The 2020 U.S. Census starts this January, but state Rep. La Shawn Ford (D-8th) said he is hoping a proposed bill he sponsored in the Illinois House gets passed in time for prison inmates to be counted as part of their hometown population.
“As it stands now, individuals incarcerated will be counted but will not be counted as part of their hometown,” said Ford. “They will be counted in the town where they are currently incarcerated even though once they are released, they are more than likely to return to their hometowns, like Chicago.”
House Bill 203 is the No Representation Without Population Act and would allow inmates, who are predominately black and Hispanic, according to Illinois Department of Corrections records, to be counted at their legal residence. That also means the $1,800 per person counted by the Census would go to the hometown for the next 10 years and not another municipality.
“Most Illinois prisons are located downstate in rural towns occupied mostly by whites and they’re the ones who will receive those federal dollars for the next 10 years (until the next census occurs),” explained Ford. “That means if you have an inmate from the Austin neighborhood on the West Side but is serving time downstate, Austin, Chicago and Cook County misses out on all that money.”
The Illinois and U.S. Constitutions both say all residents of the state must be counted at their legal residence for the purpose of redistricting.
“Illinois courts are clear that prison is not a legal residence,” added Ford, whose West Side district includes mostly black neighborhoods. “Therefore, Illinois’ current practice of counting the 47,500 prisoners at their prison address violates this legal residency requirement.”
Lindsey Hess, a spokeswoman for the Illinois Department of Corrections, said the department does not comment on potential legislation.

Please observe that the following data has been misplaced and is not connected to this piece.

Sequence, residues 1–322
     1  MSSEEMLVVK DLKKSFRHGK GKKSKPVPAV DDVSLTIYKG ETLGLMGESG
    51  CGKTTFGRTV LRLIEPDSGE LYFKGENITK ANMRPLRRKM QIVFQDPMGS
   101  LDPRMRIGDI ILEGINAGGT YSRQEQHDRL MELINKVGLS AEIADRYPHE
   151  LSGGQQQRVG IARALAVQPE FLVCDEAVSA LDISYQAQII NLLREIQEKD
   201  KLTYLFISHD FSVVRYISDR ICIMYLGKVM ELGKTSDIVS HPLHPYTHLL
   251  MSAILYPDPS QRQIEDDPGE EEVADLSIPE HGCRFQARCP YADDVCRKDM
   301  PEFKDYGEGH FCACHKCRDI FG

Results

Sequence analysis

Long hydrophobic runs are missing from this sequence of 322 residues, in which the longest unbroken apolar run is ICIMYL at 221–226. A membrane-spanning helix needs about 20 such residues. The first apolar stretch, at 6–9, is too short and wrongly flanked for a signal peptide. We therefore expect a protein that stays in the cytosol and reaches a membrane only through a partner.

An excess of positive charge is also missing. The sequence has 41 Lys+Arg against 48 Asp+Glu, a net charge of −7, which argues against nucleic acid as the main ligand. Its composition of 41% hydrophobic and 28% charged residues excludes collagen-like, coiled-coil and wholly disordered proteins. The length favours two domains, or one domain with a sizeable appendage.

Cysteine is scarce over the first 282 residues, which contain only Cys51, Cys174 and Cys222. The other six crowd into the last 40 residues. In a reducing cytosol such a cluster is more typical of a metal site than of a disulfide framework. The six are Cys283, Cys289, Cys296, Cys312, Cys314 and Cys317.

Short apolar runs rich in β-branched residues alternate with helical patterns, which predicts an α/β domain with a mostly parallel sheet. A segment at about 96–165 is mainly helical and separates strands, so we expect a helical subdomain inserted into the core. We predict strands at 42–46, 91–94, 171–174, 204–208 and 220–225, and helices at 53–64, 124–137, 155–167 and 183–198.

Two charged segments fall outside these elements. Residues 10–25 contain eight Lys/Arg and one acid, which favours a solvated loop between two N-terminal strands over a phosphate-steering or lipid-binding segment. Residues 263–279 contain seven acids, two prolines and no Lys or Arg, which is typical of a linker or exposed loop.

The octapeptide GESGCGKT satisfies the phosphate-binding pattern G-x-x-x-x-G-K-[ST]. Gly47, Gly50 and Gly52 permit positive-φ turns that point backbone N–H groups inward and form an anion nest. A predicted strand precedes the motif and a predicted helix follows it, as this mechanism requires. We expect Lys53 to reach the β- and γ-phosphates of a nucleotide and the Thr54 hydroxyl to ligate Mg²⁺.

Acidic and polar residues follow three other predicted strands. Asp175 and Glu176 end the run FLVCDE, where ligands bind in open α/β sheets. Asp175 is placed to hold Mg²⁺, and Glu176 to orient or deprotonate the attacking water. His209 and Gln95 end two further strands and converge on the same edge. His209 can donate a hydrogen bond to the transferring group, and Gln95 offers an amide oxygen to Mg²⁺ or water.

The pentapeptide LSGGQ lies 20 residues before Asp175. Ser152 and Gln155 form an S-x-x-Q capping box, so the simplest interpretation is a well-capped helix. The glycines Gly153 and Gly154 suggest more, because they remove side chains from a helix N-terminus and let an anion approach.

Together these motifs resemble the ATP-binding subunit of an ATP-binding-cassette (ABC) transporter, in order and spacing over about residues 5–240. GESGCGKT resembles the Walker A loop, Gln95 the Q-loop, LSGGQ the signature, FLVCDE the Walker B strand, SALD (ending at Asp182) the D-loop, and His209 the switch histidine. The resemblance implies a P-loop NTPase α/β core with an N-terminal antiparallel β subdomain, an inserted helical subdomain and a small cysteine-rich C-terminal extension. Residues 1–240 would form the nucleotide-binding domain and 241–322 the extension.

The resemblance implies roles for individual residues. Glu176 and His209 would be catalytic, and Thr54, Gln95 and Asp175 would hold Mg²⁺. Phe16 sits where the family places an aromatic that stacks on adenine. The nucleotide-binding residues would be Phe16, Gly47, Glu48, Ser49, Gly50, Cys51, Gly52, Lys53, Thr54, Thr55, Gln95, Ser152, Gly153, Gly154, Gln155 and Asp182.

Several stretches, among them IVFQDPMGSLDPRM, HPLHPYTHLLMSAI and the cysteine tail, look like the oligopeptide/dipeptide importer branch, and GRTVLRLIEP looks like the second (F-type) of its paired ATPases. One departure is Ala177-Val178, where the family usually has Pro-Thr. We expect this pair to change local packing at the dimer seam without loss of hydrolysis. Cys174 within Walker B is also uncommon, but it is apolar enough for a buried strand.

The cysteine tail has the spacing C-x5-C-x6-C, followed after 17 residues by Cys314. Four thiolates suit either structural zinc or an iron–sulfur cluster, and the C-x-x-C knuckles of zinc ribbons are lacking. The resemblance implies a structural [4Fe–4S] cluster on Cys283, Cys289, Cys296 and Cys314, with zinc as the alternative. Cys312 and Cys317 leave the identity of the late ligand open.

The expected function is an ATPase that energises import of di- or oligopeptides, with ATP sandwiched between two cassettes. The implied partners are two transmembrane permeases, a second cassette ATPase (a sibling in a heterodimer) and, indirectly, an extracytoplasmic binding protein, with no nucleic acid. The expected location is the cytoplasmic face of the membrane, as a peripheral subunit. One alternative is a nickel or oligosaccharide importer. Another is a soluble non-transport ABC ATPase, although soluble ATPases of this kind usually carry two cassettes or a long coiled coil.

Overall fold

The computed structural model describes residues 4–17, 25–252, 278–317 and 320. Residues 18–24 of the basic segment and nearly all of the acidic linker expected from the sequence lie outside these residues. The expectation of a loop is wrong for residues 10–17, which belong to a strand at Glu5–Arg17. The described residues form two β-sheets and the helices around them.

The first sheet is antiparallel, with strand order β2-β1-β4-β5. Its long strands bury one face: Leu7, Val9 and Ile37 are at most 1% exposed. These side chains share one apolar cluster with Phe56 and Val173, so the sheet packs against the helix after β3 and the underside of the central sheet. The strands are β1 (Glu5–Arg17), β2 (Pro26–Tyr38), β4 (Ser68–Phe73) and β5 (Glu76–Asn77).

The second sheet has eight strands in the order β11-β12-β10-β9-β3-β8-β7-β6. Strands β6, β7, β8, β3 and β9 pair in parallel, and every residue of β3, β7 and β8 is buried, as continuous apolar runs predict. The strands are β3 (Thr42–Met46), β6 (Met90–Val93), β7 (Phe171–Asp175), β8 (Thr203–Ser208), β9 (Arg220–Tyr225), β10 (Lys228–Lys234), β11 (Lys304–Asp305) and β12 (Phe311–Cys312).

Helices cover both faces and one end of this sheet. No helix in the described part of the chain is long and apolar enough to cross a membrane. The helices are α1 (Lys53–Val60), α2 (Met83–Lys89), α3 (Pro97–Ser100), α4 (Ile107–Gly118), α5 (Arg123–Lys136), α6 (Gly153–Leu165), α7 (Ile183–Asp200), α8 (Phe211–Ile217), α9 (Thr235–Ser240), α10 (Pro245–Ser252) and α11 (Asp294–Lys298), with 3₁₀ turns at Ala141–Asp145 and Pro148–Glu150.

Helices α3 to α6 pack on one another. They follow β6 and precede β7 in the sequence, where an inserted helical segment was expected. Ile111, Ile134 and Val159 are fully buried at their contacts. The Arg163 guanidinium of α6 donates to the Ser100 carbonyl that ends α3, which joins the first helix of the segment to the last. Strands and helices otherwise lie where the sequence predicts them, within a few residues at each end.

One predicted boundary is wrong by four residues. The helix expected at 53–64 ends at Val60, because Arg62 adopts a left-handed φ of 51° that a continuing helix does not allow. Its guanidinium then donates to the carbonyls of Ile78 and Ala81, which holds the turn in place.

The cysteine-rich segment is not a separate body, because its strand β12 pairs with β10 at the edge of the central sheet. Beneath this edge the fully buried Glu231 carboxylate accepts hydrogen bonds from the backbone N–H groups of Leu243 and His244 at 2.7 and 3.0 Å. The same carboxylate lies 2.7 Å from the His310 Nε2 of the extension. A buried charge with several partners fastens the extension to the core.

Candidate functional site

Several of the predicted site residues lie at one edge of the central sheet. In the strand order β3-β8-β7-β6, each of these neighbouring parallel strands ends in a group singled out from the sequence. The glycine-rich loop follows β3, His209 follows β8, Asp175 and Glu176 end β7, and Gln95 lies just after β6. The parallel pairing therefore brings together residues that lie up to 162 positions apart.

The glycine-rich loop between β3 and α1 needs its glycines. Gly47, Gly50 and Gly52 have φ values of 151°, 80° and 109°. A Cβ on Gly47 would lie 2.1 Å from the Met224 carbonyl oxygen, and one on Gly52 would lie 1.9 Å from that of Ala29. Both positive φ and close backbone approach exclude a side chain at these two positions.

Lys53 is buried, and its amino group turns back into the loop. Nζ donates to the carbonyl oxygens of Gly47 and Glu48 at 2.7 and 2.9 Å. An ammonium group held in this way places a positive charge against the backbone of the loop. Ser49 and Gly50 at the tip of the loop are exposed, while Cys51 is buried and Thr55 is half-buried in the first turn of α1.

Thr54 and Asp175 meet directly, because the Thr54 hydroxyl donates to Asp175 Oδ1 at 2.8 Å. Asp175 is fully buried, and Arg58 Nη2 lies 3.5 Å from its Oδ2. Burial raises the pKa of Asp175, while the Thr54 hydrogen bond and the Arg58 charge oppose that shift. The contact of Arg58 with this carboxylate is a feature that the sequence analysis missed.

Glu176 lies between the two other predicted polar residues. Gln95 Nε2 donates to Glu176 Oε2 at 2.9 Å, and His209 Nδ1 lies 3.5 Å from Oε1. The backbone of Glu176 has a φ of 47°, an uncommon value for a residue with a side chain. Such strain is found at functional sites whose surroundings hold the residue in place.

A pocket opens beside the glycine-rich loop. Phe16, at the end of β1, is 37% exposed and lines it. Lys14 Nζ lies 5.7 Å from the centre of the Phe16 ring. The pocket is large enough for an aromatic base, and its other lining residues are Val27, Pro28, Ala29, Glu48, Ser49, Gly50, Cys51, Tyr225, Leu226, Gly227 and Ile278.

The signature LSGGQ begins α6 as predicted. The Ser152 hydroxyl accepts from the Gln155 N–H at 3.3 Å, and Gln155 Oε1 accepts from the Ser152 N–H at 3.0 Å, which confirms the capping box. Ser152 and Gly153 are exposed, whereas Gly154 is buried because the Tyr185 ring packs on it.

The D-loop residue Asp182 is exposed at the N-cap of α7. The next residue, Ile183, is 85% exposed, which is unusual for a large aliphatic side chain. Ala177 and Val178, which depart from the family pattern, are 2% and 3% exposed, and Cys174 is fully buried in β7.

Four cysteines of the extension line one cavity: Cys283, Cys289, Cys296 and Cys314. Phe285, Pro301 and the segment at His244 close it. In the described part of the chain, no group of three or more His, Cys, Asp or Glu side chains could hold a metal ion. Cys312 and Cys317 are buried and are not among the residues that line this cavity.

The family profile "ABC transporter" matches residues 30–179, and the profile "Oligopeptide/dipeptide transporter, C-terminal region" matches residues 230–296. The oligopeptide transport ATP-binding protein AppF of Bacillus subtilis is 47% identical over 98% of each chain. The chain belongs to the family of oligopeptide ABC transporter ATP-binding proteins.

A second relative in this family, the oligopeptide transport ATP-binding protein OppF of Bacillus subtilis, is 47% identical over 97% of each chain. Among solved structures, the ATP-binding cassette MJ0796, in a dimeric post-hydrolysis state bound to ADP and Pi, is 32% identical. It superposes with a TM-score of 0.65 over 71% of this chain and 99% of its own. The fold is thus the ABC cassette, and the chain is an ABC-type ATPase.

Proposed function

“We will review the bill once it is introduced,” said Hess.
Blacks are already among a core group of people the U.S. Census has identified as hard to reach for the census.
One problem with getting blacks to participate is a lack of Internet access, according to Cory Stevenson, a partnership specialist in the Chicago regional office for the U.S. Census Bureau.
“Not everyone, especially in rural areas, have Internet access and sometimes that makes it difficult for those individuals to participate,” he said. “Seniors, minorities and low-income individuals are among the core groups the census has identified as hard to reach. We know many seniors do not feel comfortable giving their personal information over the phone, and therefore may choose not to participant at all.”
Other groups that are hard to contact for the census include veterans, the homeless, children, college students, renters, and Millennials.According to census data, Illinois has a population of 12.5 million, Chicago 2.7 million, and Cook County 5.2 million.
The U.S. Census, which occurs nationally every 10 years, will be conducted next year from January to April, and all residents including undocumented immigrants can participate by phone, online or mail.
Jeanine Beasley, also a partnership specialist for the U.S. Census Bureau, said the Census is partnering with organizations in Chicago to help with outreach efforts to contact those groups hard to reach. The state of Illinois allocated $29 million for census outreach while Cook County allocated another $2 million.
“On March 27, 30 and 31 we will hit the streets with our community partners to reach those core groups like the homeless,” added Beasley. “We will go to homeless shelters, prisons, colleges, senior homes, and any place where there’s a large group of people sharing the same address to make sure they are counted.”
She added residents could go online to census.gov for more information about the census or to receive help filling out a form.
And according to U.S. Rep. Robin Kelly (D-IL-2), Illinois stands to lose more than billions of dollars over the next decade if everyone does not get counted in the upcoming census.
“It is important that everyone is counted in the census. If not, Illinois stands to lose as much as $1 billion a year for the next 10 years in federal funding,” said Kelly. “And if we lose this funding Illinois residents would see drastic cuts to Medicaid, federal student loans, food stamps, and highway funding.”